How bad can a wash trade violation and Tag50 penalty really be? Permanent ban from the CME markets bad enough?
DCM has stressed again and again and again that wash trades are not just a little issue to sweep under the rug. And trying to be "smart" about how you do it doesn't work. And thinking that because you are not within the physical jurisdiction of the US means you won't get punished. On Friday, the CME issued four related disciplinary notices (CME-19-1100 and NYMEX-19-1100 BC, BC2, and BC3 - notices here, here, here, and here).
All four individuals were disciplined in the same docket though the rules cited were differing.
In one instance, the individual was cited for allowing orders that he knew or should reasonably known were wash trades to be entered on the exchange as well as allowing another individual to use the trader's Tag50 log in. This person also did not respond in writing to the charges and, therefore, waived a right to a hearing on the charges. The penalty - $40K fine and a two year suspension from CME markets from the date the $40K is paid.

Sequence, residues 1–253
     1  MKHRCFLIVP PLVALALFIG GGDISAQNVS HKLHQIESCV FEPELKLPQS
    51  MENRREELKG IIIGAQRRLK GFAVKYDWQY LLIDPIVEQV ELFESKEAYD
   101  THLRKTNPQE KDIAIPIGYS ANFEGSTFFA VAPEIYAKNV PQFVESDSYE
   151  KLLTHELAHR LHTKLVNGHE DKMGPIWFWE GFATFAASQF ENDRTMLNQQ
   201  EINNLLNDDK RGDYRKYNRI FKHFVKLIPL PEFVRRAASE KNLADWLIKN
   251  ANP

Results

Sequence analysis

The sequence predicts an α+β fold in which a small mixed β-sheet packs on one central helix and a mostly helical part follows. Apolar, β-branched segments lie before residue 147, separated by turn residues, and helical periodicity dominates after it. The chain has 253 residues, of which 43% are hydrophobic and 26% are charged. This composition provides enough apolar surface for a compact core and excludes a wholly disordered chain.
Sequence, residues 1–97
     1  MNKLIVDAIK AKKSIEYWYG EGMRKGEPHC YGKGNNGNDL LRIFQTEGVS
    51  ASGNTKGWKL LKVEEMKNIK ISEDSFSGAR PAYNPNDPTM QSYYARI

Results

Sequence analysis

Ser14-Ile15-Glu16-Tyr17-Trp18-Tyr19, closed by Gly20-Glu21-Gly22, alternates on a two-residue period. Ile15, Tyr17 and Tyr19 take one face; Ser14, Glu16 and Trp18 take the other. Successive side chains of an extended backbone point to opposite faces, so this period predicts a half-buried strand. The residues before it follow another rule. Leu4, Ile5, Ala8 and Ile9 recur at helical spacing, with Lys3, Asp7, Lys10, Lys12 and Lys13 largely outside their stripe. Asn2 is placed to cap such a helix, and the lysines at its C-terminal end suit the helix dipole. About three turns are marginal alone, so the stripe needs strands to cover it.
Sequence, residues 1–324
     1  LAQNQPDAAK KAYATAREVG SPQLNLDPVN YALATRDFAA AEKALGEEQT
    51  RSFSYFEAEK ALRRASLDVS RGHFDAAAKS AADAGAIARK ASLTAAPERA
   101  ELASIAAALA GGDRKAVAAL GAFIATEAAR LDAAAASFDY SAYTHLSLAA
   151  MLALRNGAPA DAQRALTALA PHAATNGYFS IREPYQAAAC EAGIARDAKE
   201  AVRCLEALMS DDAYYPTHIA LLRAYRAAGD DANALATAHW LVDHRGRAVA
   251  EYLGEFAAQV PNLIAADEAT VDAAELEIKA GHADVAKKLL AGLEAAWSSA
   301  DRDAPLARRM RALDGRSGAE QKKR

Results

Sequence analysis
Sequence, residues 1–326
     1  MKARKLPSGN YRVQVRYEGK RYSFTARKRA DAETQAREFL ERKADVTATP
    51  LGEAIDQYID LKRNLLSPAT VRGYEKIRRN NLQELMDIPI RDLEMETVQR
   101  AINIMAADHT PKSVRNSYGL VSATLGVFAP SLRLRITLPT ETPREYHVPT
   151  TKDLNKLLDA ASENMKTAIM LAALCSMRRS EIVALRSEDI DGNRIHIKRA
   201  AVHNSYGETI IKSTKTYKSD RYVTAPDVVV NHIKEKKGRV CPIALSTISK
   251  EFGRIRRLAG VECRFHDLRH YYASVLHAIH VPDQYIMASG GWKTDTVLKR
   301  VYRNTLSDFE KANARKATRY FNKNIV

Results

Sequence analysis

In the second instance, the individual failed to appear before the CME Disciplinary Committee or any staff interview in connection with an investigation (the same docket number as the other three individuals). For the failure to respond, the individual was fined $10K and was suspended immediately for a period that would extend for two years from the date the fine was paid.
The third individual was cited for illegally prearranging trades (since the docket is the same as the other three, it may likely be assumed these trades resulted in the wash trades cited above) for the purposes of shifting equity between accounts. The individual was also cited for allowing another person to enter trades utilizing his Tag50 ID. The individual also failed to submit a written answer to charges. This individual was fined $85K and was permanently banned from all CME markets.
The final individual was cited for the same issues - pre-arranged trades to transfer equity and TAG50 violations - as the prior individual as well as failure to supervise her employees. In this instance the penalty was a fine of $85K, a disgorgement of profits of $125,940 and a permanent ban from all CME markets.
It should be noted that these bans now also include any swap execution facility and derivatives clearing organization owned or operated by the CME.
Wash trades have permanently impacted all of these individuals and failure to resppond to the CME has exacerbated there penalties. Wash trades are one of the most straight forward surveillance tools to implement. You should consider having one in place if you have any activity in more that one account with the same beneficial owners.